According to Atnyel Guedj of the Sustainable Fashion Forum, today there is hardly any brand in Israel that does not allocate a budget for Purim sales. “During Purim, we experience a large influx of products from all over the world. Every fashion brand imaginable chips in their share for a Purim costume and accessory collection because it’s a guaranteed ticket to generate a lot of revenue in a very short period. The majority of those products are imported from Asia and elsewhere in the world. What you end up with is an inconceivable amount of leftover stock only from a single holiday, and a large part of that stock is either thrown away or sold at 70% discount in the next year,” Guedj says.

The entailing problem is not far to seek; while most large fashion collections are customized for an entire season, on Purim, a similar quantity of products is flooding the Israeli retail market, producing a soaring amount of textile waste in its wake.

On the other hand, there are a lot of people who order their costumes and accessories online. For instance, buying a leftover outfit from Halloween in November, several months before Purim, has become a trend in recent years increasing the textile inflow into Israel.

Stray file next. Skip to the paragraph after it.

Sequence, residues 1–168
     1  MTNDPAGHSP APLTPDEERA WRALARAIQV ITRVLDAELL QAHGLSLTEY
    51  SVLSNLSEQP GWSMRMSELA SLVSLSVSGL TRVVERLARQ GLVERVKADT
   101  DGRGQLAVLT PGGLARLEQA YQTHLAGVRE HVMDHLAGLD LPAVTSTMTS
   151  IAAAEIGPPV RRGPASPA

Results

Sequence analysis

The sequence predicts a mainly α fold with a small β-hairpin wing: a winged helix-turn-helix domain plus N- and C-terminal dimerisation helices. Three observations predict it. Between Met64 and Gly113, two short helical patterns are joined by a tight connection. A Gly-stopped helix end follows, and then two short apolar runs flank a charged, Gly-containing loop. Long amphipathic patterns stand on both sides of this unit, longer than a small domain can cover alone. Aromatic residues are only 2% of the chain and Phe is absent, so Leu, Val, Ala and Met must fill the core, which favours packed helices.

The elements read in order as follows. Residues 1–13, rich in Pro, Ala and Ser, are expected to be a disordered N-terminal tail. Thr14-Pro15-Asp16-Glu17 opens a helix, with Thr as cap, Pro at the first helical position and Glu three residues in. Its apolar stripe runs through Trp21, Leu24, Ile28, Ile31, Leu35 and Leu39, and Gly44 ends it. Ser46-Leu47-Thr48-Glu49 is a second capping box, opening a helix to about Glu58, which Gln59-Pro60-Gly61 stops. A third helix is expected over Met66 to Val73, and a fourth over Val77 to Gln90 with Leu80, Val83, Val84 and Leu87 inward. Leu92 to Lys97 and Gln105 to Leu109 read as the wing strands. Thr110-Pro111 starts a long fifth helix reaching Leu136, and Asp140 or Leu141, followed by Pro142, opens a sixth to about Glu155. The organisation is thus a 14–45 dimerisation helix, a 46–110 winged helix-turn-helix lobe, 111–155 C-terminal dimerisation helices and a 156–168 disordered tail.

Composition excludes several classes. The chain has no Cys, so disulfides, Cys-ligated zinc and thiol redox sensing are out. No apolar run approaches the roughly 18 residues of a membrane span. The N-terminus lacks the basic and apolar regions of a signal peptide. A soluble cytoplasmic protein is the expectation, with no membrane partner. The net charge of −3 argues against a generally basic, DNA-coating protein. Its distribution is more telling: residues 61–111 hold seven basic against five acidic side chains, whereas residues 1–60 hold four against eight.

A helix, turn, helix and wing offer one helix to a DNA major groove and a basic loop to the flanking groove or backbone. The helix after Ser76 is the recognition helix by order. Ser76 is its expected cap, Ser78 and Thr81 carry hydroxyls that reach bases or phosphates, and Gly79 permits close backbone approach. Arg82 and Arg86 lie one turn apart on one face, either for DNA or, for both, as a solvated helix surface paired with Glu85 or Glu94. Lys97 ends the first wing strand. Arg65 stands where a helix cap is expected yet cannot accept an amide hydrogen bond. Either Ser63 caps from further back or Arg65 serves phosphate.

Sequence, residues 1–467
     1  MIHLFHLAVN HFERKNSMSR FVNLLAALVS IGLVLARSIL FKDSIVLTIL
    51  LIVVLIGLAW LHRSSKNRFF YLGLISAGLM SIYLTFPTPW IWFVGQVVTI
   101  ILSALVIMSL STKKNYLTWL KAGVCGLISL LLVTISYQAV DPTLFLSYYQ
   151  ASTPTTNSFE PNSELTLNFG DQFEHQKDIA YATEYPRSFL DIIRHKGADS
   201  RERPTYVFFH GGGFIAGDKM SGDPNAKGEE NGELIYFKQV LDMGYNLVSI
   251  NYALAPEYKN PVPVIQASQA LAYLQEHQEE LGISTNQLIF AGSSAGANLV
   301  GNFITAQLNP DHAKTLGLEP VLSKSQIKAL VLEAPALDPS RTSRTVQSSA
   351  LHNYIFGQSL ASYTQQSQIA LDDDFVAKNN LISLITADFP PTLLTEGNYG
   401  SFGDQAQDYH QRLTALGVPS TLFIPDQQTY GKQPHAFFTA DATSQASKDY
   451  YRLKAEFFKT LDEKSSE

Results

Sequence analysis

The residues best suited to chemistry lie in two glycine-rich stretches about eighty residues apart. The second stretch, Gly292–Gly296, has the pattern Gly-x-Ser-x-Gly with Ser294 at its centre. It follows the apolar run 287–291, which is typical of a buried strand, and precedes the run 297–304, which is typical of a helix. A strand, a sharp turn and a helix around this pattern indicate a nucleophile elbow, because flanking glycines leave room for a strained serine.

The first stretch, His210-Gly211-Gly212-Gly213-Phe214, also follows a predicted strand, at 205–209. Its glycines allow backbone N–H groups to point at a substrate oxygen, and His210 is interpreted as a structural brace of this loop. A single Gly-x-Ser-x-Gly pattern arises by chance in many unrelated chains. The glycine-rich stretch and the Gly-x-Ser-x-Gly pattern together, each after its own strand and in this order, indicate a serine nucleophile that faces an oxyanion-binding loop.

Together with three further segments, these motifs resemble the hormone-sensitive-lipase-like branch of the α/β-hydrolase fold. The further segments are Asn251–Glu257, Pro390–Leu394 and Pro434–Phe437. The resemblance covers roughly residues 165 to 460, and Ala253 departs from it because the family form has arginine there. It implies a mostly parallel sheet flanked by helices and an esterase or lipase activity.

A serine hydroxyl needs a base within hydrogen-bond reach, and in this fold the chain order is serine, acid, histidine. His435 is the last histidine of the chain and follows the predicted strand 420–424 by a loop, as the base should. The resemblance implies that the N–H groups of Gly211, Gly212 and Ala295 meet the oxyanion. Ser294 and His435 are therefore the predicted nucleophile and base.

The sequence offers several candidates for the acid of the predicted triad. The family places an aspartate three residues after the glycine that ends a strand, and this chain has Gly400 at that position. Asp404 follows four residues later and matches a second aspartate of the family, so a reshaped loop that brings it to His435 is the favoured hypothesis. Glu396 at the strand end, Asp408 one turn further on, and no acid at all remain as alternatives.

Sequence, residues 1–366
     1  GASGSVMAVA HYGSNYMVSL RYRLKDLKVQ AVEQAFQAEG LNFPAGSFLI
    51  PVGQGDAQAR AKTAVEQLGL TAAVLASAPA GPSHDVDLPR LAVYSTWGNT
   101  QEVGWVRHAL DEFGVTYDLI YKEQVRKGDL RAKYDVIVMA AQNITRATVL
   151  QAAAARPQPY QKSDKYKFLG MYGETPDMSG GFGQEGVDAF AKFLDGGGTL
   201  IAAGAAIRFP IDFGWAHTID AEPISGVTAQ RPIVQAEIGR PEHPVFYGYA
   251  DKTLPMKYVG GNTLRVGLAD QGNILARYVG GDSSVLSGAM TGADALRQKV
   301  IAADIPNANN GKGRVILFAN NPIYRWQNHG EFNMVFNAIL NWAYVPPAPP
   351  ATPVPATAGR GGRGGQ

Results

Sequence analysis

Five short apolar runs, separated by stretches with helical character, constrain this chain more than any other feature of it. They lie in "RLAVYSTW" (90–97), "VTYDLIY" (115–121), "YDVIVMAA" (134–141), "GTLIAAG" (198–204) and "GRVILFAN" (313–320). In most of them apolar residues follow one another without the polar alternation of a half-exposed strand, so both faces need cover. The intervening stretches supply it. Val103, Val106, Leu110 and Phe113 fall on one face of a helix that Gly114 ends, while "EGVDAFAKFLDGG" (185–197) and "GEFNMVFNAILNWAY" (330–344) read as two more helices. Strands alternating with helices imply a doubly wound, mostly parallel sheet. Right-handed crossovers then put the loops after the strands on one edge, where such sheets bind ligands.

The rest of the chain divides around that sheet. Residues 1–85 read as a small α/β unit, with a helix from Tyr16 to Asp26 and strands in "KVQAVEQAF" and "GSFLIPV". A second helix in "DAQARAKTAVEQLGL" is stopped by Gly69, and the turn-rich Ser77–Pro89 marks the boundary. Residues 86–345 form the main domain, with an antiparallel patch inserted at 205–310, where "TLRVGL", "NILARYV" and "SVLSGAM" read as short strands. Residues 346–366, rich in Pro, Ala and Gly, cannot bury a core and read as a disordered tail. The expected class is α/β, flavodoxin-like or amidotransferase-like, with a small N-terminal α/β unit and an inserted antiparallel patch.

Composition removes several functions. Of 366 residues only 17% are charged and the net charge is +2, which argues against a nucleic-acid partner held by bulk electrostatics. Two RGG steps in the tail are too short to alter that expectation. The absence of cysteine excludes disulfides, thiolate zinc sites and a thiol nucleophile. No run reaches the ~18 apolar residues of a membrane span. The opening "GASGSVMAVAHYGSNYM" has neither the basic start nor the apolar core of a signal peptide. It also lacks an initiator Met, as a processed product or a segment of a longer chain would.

Guedj emphasizes the discrepancy between the opportunity of creating an additional revenue stream for many brands and the enormous stock surplus they are ultimately grappling with after Purim. “It is somewhat counterintuitive. In recent years Israeli brands recognized Purim as a way to make money, but at the same time generating another problem, which is a basic dilemma of the fashion industry and many other consumer goods in Israel; they buy too much, end up with huge leftover stocks and don’t know what to do with them”, Guedj stresses.

Large-scale productions of costumes, accessories, and essentially any holiday related item, is obviously not a unique or new phenomenon. However, according to Guedj, the costume craze in Israel during Purim has undergone rapid development in the last couple of years.

“What makes this phenomenon so unique in my eyes, is that it is fairly new and became very popular very quickly. A few years ago, dressing up for Purim, of course, was already part of the tradition, but you would see fewer shops selling costumes in general. Most people would go to specialized shops to buy a costume or costume accessories, but now virtually everyone has jumped on the Purim bandwagon,” Guedj adds.